seasonal movement of animals from one region to another. “this butterfly’s annual migration across North America”
We recently addressed the topic of migration in a program, and it was a lot of fun. First, I asked the kids what it means to “migrate.” They came up with a very similar answer to the definition above. I asked what kinds of things migrate; they told me fish, birds, butterflies, bugs, “things that live in Africa.” I asked if people migrate, and they all said no… but then thought about it a little more. One or two of them said “maybe.” We talked about people who go to Florida for the winter, then come back north for the summer, and decided that yes, people migrate too. This caused a lot of chuckles, but it made a good segue into the reading.
We started with the book Amazing Animal Journeys, by Chris Packham, illustrated by Jason Cockcroft. This is a new book in our library, and I like it a lot. It is information-dense without being a difficult read. The illustrations make it very engaging and accessible. It mentions a variety of animals that migrate, from blue whales to jelly fish to butterflies. Because I already had it and because Monarchs are specifically mentioned in the book, I set out my model of the life cycle of the Monarch butterfly with the book display. Sea Turtles are also included in this book, so that made a good lead-in to the next title.
The Green Sea Turtle, by Isabel Muller, was second. This is another information-rich non-fiction book with engaging illustrations. It follows the life of a green sea turtle from hatching in the sand through the laying of her own eggs on the same beach, nearly 20 years later. To supplement this title, I had a model of life stages of the green sea turtle, and a larger individual model of a sea turtle. And since the turtle in the book encounters a humpback whale, that made yet another great segue into our final book.
Here Come the Humpbacks!, by April Pulley Sayre, illustrated by Jamie Hogan, tells the story of a humpback whale calf’s first year. Each spread is beautifully illustrated in rich colors; the text includes additional facts to supplement the main body of the text. The information is presented in an easy-to-read, story-like format. The kids were very engaged with the story of the whale calf, even after already having read two other books. The whale calf and its mother encounter both dangers and benefits on their migration from the southern calving seas to Stellwagen Bank on the north eastern coast of the United States. While I regrettably have no whale models that I could bring in for the program, I did print out some photos of humpback whales and their calves. I slid several into sheet protectors for repeated use; and glued one to a piece of 8.5 x 11” foam-core board I had on hand. It made a great visual aid and marker for the final station in the game we played next.
After reading the books, we played a game in which the kids pretended to be whale calves, making their first migration. The activity was developed by Curious City DPW, and is available for free here: http://www.curiouscitydpw.com/2013/07/19/humpbacks-migration-game/. The game was designed to lead students through the journey of the calf as documented in the book Here Come the Humpbacks, reinforcing the lessons in the book; the stations of the game use illustrations from the book as well.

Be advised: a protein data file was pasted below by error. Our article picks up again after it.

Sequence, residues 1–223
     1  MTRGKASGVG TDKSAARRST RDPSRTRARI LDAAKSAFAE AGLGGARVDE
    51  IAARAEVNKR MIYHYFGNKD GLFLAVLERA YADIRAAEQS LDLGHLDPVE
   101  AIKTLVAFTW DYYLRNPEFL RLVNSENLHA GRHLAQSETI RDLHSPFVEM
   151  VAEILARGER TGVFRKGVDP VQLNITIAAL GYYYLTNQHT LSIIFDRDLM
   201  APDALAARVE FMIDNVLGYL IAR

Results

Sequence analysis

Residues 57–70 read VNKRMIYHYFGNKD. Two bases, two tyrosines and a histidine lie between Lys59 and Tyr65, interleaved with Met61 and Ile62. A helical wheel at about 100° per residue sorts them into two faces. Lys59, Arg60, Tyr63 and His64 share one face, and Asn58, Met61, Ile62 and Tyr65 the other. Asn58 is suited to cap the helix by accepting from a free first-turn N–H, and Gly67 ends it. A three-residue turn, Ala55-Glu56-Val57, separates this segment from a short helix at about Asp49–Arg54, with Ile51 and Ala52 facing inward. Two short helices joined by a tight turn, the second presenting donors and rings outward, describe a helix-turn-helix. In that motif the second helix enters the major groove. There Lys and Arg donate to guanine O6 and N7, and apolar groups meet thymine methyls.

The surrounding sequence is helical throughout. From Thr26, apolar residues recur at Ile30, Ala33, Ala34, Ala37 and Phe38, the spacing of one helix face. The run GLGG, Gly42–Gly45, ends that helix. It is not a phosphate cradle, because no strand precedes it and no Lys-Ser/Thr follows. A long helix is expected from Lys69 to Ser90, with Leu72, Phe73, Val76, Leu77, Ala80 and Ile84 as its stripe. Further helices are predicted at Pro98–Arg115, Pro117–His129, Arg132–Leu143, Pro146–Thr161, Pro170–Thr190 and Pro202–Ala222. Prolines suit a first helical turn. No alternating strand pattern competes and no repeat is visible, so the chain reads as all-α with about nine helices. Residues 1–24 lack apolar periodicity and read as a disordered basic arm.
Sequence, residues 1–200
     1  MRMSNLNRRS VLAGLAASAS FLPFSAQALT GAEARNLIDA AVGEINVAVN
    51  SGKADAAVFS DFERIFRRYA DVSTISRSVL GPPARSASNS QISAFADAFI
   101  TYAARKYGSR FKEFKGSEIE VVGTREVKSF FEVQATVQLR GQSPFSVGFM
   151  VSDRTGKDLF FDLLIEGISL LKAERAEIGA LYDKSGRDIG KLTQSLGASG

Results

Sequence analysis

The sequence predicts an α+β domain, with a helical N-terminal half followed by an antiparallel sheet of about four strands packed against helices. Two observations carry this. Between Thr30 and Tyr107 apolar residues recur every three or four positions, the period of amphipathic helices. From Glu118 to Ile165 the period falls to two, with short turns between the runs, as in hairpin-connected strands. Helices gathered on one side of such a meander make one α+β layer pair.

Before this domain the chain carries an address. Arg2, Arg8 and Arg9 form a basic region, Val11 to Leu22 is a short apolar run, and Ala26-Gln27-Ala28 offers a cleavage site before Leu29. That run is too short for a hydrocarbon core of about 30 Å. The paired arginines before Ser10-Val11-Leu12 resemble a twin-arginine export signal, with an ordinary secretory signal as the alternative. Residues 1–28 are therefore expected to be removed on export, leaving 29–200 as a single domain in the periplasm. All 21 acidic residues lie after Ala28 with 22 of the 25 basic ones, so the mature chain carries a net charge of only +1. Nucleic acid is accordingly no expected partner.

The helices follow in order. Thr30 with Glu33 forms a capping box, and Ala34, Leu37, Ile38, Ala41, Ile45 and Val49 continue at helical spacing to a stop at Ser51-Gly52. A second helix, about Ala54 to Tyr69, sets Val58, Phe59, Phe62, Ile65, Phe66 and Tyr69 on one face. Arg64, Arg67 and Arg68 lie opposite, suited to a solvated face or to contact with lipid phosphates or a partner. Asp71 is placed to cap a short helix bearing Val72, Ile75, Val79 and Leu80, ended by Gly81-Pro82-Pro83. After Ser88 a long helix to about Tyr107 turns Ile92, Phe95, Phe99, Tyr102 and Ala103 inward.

The game is set up in stations to represent the different benefits and dangers encountered by the calf and its mother during their migration north to their summering location. The journey begins with the birth of the calf. Each child is given a card with instructions for beginning the journey. At each successive station, there is an activity to complete, after which a new card is collected. Each card includes a short piece of information related to the journey; and reproduces a specific mention/illustration in the book. By the end of the journey, the whales have drunk mother’s milk, learned about blowing bubbles, encountered orcas, crossed paths with shipping lanes and tourists, and more. The final card in the game provides the students with information about symbolically adopting a whale, and suggestions for finding more information.
While the game is designed for a classroom or group of similar size, it worked quite well in my program of 35 with a few minor adjustments. Instead of offering cartons of milk and fish crackers to eat, I simply printed out images of milk cartons and schools of fish. The students collected these along with their instruction cards. I did have an actual compass and a small pair of binoculars for the appropriate stations, along with bubbles for blowing at the spouting station, and stickers to represent remoras and barnacles hitching rides. I copied all the cards onto card stock; and asked the students to leave their collected cards in a basket at the last station in exchange for the final card with the whale adoption information. (One option can be found here.) Since I used printed images of milk and fish, I kept those as well, and will be able to re-use the materials for future programs.
I have used a similar migration game in the past based on the experiences of birds. The bird version of the game I have used requires a little more in the way of reading; and I have found works best for an upper elementary or slightly older group. It can be found here: http://www.birdday.org/pdf/migrationgame.pdf
I have also played a similar game that follows deer through a migratory year. The Deer version of the game which I have played was loosely adapted from an activity found in Project WILD. (http://www.projectwild.org/)
This whale version worked well for the lower-elementary aged group in my program. Something similar could be created for monarch butterflies, as well, or nearly any other animal with recognizable migration patterns. Adapting the concept would be simple… but adaptations is a different program! 🙂